Last night was a Tuesday night like any other for me. I came home from teaching, ate a late dinner, then settled in to watch my one and only guilty television pleasure, Bering Sea Schadenfreude Gold. In between bouts of the Discovery Channel’s editors pelting me with ersatz drama, the likes of which would make Mark Burnett blush, there came a commercial for the 3D re-release of Jurassic Park. Given my childish love of humming the Jurassic Park theme song a la Peter Griffin, my girlfriend was surprised when I didn’t overlay my own rendition on top of the trailer.

 

I can understand a general desire for high resolution face lifts within a movie. Digital trickery has come a long way in the twenty years since Jurassic Park’s release. But what is the point of the 3D add-on? What can the 3D illusion accomplish in a movie like Jurassic Park that can’t be done with conventional 2D cameras and an understanding of perspective? I would put it to you that JP’s soon to be 3D re-release, like so many other contemporary movies burdened by 3D, nothing but a pretense to see a greater ROI by artificially inflating the price of a product.

But Adam, you always have a hate-on for 3D. Is there a point to this post beyond trolling people who are getting excited about re-watching something seminal to their childhood?

Good question, other Adam. As I stewed over Hollywood bilking rubes with their phoney extra dimension, I searched for a movie where a HD-3D facelift would actually work to accentuate the experience. One option came to mind.

 

 

 

 

 

 

 

 

 

 

 

 

 

 

 

 

1984’s The Last Starfigther is not a particularly strong movie. In fact, after taking a critical eye to Starfighter, it’s hard to see anything but a low-rent version of Star Wars: A New Hope.

Allow me to annotate some points of intersection between the two.

–   “Teenage” male protagonists who long to escape from their lives in the boonies.

–   A magic old man who reveals the hero’s true destiny

–   Evil for the sake of evil bad guys

–   The hero’s inability to see himself as a hero causes the death of others

–   Space battles

–   Special abilities which turns defeat into victory in the ultimate space battle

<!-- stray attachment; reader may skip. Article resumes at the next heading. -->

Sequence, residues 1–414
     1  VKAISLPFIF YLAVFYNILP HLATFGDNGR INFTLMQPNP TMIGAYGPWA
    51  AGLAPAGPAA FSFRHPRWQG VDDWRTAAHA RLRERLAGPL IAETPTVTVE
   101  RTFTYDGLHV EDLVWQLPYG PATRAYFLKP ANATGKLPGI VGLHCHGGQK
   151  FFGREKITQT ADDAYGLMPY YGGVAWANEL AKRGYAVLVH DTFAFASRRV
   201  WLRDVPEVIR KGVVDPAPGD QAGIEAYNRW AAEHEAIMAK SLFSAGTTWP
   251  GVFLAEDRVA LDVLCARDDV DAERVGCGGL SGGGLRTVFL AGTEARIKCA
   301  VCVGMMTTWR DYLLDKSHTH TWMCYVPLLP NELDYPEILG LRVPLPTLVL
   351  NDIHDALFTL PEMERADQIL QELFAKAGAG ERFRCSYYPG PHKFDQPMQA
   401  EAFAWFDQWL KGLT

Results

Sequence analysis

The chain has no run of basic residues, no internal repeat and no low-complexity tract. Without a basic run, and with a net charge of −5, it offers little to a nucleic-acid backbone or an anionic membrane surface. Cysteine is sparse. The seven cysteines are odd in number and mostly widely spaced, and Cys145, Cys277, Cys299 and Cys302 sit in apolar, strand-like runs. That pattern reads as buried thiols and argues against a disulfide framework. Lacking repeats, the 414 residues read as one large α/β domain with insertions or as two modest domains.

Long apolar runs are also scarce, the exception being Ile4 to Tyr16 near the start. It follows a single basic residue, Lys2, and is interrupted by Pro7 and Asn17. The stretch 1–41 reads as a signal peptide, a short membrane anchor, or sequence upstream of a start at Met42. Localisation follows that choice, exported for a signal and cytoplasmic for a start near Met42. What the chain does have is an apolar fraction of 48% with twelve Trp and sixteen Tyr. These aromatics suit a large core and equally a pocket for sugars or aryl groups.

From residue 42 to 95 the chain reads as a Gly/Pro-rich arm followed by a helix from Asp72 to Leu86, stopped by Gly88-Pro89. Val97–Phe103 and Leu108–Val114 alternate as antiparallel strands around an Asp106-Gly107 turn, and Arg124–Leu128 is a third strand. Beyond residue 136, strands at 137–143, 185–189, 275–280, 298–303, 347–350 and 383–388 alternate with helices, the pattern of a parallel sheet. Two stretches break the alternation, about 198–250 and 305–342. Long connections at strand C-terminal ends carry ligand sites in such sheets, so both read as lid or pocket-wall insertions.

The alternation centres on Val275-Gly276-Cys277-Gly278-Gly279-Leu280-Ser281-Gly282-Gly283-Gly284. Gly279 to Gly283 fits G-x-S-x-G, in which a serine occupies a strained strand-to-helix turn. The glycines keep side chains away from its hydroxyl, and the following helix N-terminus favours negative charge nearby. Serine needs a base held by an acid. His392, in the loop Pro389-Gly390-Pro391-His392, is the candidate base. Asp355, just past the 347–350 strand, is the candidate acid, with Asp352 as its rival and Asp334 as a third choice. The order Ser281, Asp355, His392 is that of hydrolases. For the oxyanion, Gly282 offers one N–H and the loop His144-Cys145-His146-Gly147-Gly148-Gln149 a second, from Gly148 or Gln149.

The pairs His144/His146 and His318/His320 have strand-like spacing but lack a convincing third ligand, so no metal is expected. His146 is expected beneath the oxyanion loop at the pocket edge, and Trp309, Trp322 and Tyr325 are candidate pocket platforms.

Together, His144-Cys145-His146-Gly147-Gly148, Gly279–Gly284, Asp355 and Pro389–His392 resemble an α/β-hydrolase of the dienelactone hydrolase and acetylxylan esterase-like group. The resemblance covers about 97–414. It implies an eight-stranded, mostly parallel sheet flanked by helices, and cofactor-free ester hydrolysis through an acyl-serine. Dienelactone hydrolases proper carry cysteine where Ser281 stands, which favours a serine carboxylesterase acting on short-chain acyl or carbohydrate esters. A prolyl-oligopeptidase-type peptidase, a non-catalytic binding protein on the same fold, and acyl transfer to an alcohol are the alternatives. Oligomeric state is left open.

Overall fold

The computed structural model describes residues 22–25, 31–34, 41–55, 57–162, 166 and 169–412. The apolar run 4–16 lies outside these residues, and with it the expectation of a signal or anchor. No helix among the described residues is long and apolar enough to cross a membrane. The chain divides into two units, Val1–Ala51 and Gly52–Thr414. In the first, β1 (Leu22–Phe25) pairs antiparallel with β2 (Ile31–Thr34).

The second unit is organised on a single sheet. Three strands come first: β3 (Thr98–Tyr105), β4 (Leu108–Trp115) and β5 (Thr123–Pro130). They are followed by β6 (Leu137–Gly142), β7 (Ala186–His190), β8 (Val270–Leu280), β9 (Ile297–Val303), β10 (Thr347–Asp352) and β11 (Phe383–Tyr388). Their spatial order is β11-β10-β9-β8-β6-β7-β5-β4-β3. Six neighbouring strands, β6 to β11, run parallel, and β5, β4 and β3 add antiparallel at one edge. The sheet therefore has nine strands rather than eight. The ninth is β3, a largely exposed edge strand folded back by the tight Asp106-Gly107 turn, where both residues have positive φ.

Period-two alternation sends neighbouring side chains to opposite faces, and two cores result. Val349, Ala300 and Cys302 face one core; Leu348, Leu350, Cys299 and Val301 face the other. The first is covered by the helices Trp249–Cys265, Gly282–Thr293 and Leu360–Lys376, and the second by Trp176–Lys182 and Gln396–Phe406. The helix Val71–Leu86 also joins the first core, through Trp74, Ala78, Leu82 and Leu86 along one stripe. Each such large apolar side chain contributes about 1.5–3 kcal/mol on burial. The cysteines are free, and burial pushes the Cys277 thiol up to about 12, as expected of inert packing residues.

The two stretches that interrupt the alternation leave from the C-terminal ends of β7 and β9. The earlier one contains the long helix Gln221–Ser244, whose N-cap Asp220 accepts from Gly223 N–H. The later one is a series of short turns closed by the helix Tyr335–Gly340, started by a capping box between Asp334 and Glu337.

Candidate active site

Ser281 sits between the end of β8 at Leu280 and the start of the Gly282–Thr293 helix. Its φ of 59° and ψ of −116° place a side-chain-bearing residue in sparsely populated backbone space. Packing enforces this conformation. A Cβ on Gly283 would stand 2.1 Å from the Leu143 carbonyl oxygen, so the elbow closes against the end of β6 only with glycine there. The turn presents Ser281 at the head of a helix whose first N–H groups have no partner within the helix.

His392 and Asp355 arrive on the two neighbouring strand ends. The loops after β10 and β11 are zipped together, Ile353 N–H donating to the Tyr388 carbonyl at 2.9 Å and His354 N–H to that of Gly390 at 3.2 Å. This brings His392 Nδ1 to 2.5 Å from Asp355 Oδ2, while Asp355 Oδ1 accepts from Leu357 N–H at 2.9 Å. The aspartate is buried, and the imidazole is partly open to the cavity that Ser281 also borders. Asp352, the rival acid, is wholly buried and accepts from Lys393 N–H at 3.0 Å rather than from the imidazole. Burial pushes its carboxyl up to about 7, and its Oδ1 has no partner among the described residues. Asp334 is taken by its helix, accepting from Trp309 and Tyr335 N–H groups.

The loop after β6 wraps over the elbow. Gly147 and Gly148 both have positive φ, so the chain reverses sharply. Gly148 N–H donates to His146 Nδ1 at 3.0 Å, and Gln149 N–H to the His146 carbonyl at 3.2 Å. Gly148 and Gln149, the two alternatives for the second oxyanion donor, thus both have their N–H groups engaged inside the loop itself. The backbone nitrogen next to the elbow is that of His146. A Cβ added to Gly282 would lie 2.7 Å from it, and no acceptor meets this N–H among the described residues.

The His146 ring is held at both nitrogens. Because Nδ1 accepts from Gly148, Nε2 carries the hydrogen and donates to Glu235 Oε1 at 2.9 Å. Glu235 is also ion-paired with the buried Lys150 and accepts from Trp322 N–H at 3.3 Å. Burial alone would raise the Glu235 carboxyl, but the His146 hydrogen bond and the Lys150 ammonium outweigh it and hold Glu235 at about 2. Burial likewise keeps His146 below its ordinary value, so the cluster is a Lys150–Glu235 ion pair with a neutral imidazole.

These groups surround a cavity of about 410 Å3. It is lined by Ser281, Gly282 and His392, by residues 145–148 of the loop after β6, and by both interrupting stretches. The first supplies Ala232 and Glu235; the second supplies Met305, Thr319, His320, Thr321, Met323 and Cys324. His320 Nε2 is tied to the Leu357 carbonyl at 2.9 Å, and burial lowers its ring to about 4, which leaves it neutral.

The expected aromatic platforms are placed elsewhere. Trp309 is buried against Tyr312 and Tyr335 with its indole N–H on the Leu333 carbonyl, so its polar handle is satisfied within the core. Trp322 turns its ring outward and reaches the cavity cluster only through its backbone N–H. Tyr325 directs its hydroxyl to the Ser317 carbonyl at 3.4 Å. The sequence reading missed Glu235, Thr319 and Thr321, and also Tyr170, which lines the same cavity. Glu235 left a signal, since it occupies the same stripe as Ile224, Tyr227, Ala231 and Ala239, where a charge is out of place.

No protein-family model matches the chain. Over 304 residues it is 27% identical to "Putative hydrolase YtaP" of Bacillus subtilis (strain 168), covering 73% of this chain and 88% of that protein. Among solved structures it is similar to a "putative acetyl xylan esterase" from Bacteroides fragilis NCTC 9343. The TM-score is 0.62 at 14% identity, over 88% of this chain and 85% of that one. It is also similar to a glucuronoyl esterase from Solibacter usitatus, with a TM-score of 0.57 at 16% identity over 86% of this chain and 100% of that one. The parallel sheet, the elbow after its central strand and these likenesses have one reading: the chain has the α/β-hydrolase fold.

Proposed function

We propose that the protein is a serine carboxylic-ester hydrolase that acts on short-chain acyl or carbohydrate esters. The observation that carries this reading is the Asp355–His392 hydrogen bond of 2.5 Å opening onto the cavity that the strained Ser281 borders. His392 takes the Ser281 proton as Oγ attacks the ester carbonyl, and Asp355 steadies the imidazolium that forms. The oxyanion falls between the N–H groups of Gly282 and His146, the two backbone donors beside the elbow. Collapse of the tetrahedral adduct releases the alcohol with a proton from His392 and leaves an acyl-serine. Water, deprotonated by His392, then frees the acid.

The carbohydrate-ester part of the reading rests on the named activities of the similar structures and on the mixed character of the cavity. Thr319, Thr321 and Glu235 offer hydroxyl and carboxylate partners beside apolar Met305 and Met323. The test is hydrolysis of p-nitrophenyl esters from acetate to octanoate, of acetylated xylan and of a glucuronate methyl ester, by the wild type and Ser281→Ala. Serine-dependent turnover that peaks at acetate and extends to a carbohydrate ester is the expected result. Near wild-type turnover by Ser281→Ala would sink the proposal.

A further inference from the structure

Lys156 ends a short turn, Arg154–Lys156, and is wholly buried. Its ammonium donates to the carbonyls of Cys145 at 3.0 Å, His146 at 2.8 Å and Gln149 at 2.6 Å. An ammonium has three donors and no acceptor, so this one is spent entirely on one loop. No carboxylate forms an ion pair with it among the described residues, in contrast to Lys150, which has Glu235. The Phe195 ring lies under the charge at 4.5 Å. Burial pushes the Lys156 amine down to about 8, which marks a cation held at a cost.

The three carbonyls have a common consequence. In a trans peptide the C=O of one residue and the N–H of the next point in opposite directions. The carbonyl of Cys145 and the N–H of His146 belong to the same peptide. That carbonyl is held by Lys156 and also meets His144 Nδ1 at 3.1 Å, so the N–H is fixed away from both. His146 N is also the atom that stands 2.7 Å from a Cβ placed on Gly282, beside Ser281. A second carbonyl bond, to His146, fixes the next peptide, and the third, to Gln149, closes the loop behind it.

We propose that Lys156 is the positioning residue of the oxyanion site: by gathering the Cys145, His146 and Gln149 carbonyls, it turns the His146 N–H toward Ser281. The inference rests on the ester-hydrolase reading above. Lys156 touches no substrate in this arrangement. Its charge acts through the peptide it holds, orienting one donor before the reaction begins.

A New Hope does all of these things better than Starfighter, with one possible exception: space battles.

Everything that happens in Starfighter is about getting Alex Rogan (Lance Guest) into his Gunstar so he can blow up the Ko-Dan Armada. Everything before this point is just foreplay. To that end, I submit that where Lucas was attempting to craft a narrative in A New Hope, Starfighter was first and foremost about showing off the computer graphics which power the third act.

Therein, a digital face lift on the computer graphics, which can’t even keep aesthetic pace with the physical sets, is a no brainer.

Despite Starfighter’s extensive use of computer generated effects, the technology was not at a point where they could be heavily integrated with the actors and sets. There are some backdrops, and a few laser effects from space guns, but otherwise there are two distinct cinematic approaches to Starfighter: the physical and the post-production.

This means a team of artists and editors could cut out the original CG effects with surgical precision, replacing the clunky CG with a brand new VFX reel. This is where a useful application of 3D comes in. For want of easy sight lines and flat planes to give the illusion of depth in deep space, 3D technology could be used to convey a meaningful illusion of a Gunstar moving along all three axis. Instead of fighting the Ko-Dan on a mostly two dimensional plane, as seen in the clip below, Starfighter presents an opportunity for modern VFX artists to show an artistic rendition of a space battle freed from the confines of atmosphere based flight models. On that note, Death Blossom, despite its goofy name, could be more than just Alex’s Gunstar spinning like a top.

 

Of course, there’s nothing in these changes that will fix Starfighter’s utterly awful B-plot featuring Alex’s cyborg doppelganger. But if the point of the movie is to dazzle the audience’s eyes while appealing to the rather innocent belief that playing a game can make a person special, why not give Starfighter a facelift? The digital effects pioneers who worked on this film must have had a vision beyond the capabilities of early eighties hardware. Perhaps a return to concept art may result in a Starfighter where modern special effects and 3D not only seamlessly blend with the physical set pieces, but they also elevate the movie beyond the limits of the original production.